Finally, other technical elements such as import thresholds, the certification of certain due diligence mechanisms and a white list of responsible international smelters and refiners may further limit the effects of the law. The actual positive impact for populations affected by conflict may therefore be minimal. In the eyes of civil society, by yielding once again to the lobby of European industry associations, the European Union has missed an opportunity to be truly committed to human rights.

And afterwards?

The report which member states will submit each year to the European Commission should provide more information on the actual implementation of the regulation and the controls carried out when risks have been identified or brought to the attention of the competent authorities. For this, it is essential that civil society organisations, such as trade unions and NGOs, continue their monitoring work, and also to raise awareness among workers who do not know or do not trust the international rules.

As Jan Franco, international secretary of the Belgian CSC’s Building, Industry and Energy union (CSC-BIE) underlines: “Years of cooperation with trade unions in producing countries, mainly in Africa, have taught us that one of the biggest problems is the mistrust of informal miners with regard to controls and regulations.
Trade unionists, NGO representatives and inspection services represent for them a direct threat to mining activities and the income generated, on which they and their families depend. Part of the solution lies in building the capacity of unions and social movements to formalise work as much as possible and to take action, with miners, to achieve decent work with a living wage and adequate social protection.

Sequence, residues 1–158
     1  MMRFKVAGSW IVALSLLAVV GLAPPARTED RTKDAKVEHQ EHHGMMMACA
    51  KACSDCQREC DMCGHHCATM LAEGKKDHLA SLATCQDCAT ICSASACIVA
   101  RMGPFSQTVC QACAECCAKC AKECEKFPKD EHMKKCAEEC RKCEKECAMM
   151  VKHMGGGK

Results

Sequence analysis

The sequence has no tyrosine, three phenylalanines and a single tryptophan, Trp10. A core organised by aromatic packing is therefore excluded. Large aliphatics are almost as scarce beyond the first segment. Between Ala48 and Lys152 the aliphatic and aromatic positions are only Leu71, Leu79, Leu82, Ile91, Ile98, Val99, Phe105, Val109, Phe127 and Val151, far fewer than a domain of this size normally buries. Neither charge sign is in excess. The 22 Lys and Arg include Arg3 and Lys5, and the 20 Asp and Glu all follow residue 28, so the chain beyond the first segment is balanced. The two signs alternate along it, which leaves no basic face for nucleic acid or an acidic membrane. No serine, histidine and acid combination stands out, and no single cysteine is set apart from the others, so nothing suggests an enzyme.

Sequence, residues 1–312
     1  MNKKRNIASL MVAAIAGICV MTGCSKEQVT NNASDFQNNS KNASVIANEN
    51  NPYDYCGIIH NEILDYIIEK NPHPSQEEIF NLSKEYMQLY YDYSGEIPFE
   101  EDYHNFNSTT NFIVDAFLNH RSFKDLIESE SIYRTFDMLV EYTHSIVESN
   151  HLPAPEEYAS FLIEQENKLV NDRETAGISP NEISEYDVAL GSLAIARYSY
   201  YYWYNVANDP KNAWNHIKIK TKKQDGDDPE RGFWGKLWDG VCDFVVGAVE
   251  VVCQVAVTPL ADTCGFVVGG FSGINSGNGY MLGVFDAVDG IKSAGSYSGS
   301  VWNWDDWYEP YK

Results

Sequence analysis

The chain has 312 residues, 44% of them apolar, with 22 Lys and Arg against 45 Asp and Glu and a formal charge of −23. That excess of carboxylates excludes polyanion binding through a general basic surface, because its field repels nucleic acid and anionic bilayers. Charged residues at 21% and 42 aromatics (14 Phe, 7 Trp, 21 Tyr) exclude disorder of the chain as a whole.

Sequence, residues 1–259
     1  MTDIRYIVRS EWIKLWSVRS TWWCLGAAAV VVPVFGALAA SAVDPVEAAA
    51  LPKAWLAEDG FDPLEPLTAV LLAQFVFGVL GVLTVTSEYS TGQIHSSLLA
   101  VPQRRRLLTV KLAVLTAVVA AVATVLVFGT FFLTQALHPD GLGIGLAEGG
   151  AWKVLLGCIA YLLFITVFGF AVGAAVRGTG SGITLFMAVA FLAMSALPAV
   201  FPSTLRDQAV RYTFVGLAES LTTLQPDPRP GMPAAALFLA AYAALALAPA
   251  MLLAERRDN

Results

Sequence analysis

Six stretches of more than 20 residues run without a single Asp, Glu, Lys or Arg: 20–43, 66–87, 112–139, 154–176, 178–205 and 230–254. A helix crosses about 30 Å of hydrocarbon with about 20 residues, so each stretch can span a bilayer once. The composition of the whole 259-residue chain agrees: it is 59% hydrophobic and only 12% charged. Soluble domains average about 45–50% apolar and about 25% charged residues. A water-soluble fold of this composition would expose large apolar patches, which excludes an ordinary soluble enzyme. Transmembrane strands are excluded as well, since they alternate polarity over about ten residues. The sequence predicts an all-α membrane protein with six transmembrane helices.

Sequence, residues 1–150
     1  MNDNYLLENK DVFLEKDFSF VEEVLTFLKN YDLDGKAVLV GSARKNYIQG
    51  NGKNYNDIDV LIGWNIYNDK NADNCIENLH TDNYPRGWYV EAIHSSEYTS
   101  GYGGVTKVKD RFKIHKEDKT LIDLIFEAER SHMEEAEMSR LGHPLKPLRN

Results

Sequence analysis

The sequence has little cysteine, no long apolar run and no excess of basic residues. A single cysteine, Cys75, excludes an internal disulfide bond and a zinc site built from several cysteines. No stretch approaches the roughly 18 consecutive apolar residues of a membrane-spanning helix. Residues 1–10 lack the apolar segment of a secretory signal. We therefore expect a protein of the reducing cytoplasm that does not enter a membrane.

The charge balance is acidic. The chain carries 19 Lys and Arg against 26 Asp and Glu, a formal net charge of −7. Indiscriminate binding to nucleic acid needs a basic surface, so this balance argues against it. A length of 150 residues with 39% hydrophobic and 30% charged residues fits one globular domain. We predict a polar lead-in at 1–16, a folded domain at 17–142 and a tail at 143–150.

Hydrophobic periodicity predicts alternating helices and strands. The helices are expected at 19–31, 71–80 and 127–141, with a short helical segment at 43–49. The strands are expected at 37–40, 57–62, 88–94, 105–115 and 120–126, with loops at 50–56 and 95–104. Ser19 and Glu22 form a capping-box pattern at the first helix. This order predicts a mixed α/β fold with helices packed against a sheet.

“But until they feel ownership of such measures, through binding and enforceable collective agreements, that mistrust of informal workers will not disappear and oversight will remain minimal in practice.”

Furthermore, the independent evaluation, which is to take place no later than 2023 and every three years thereafter, should make it possible to analyse the actual effectiveness of the regulation as well as its effects on the ground. If it is deemed insufficient, the European Commission will then be able to make new legislative proposals, including binding ones. This is highly desirable. In the face of regular violations, the difficulty, if not impossibility, of accessing justice for those affected by mining activities and corporate impunity, means the need for effective rules is increasingly felt. International civil society is mobilising and must continue to do so if companies are to respect human rights, including labour and trade union rights, and the environment, throughout their global value chains.

This article has been translated from French.